Music and Humanism in the Aga Khan Humanities Project

Music and Humanism in the Aga Khan Humanities Project_image.pngDr John Morgan O’Connell

I founded the program in Ethnomusicology at Cardiff University. I am a graduate of Oxford University, the Guildhall School of Music and the University of California (Los Angeles) where I completed my PhD in Ethnomusicology on Turkish music. My publications concern in principle the musical traditions of the Muslim world, with a specialist interest in the areas of music and conflict, and music in application. In addition, I have been a music consultant for a number of international organizations in Central Asia and East Africa. Further, I have organized many international colloquia and I am on the editorial boards of different international publishers.

Excerpt from “Music and Humanism in the Aga Khan Humanities Project” at p. 608:

The second was my encounter with the musical traditions of Central Asia. Here Rafique Keshavjee of the Aga Khan Humanities Project was an important inspiration. …[M]y meeting with Keshavjee was accidental.  At a conference in Florida, we literally bumped into each other. At the time he was promoting his project in humanities that was based in Dushanbe(Tajikistan). Since he had heard my presentation on a hermeneutic approach to musical instruction in Turkey, he was interested in discussing my wider interests in music and humanism.  At first, I was circumspect. However Keshavjee needed a music specialist to supplement his team of academic advisors, scholars who were especially selected to supervise and to design a humanities curriculum. Since music was going to be a key component in this endeavor, … I would be in an ideal position to fill an important lacuna. How could I refuse his invitation?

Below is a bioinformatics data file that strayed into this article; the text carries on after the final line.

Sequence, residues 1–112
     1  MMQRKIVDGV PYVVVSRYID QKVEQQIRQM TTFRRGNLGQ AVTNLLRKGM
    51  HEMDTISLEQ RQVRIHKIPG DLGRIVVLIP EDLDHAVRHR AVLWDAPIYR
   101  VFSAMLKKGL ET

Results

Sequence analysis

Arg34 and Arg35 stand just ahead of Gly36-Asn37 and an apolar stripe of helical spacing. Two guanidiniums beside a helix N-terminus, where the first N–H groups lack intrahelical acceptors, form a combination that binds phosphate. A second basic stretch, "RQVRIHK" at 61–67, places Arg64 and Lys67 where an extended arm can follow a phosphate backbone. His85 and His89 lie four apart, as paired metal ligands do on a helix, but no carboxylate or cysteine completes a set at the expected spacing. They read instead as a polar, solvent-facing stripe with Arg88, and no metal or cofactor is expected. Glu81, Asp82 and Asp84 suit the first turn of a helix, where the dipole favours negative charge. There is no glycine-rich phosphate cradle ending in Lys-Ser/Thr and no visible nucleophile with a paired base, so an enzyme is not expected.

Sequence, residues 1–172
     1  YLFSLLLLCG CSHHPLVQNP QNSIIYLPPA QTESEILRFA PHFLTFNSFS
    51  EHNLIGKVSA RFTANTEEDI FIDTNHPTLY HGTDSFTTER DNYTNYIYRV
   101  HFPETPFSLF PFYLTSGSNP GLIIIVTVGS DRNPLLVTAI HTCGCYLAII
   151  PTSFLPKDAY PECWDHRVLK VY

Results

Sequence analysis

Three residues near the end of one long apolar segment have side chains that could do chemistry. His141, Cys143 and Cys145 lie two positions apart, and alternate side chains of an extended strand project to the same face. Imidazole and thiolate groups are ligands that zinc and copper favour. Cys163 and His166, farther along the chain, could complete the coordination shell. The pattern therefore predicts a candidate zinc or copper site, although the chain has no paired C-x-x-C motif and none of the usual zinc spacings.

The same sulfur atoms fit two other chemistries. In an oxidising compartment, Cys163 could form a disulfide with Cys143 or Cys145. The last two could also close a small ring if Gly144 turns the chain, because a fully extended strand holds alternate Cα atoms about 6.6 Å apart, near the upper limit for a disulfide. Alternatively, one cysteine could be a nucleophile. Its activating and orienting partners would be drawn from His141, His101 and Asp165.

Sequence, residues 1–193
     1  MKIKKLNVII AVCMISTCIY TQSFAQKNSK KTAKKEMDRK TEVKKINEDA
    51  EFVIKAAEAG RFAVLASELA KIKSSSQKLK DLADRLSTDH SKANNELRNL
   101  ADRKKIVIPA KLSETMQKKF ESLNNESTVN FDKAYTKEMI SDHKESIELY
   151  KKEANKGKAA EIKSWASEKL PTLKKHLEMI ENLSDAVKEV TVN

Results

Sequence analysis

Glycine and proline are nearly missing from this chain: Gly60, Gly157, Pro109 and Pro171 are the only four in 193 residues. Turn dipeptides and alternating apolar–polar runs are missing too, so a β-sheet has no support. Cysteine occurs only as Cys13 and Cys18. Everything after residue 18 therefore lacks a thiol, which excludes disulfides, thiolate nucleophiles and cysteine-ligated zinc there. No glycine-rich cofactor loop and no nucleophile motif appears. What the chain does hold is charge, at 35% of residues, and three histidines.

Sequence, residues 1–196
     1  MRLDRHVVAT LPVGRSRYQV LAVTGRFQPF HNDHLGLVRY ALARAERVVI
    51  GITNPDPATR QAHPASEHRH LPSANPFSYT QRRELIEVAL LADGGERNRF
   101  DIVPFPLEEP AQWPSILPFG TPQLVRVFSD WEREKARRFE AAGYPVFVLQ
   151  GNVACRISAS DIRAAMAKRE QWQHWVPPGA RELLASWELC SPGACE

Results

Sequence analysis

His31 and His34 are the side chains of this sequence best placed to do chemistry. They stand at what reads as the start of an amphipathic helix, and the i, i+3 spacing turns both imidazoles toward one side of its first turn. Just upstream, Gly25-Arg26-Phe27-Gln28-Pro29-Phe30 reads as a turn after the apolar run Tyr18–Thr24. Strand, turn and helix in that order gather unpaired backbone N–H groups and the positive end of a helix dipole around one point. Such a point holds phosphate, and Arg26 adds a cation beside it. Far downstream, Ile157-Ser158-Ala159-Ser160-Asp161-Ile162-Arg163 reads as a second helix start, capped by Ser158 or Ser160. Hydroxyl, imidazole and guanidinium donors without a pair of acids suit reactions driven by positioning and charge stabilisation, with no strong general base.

This was my first time in Central Asia.

This chapter concerns the relationship between music and humanism in an educational program in Central Asia, the Aga Khan Humanities Project. Addressing the central principles of tolerance and empathy in applied ethnomusicology, it presents an alternative conception of humanism, a religious humanism that is unique to an esoteric branch of Islam, Ismaʿilism. In this context, it interrogates the eclectic character of the current research in applied ethnomusicology, and it offers a theoretical and methodological solution to disciplinary fragmentation. By emphasizing the significance of expressive culture for uncovering a shared humanity, the chapter also examines the humanistic value and the humane potential of music with respect to an applied venture (a humanitarian project) and a research endeavor (a “humaneistic” undertaking) to highlight the symbiotic relationship between the “applied” and the “pure” in ethnomusicology. In short, the chapter seeks to recover the status of theoretical discourse and scholarly inquiry in applied ethnomusicology. and and


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Author: ismailimail

Independent, civil society media featuring Ismaili Muslim community, inter and intra faith endeavors, achievements and humanitarian works.

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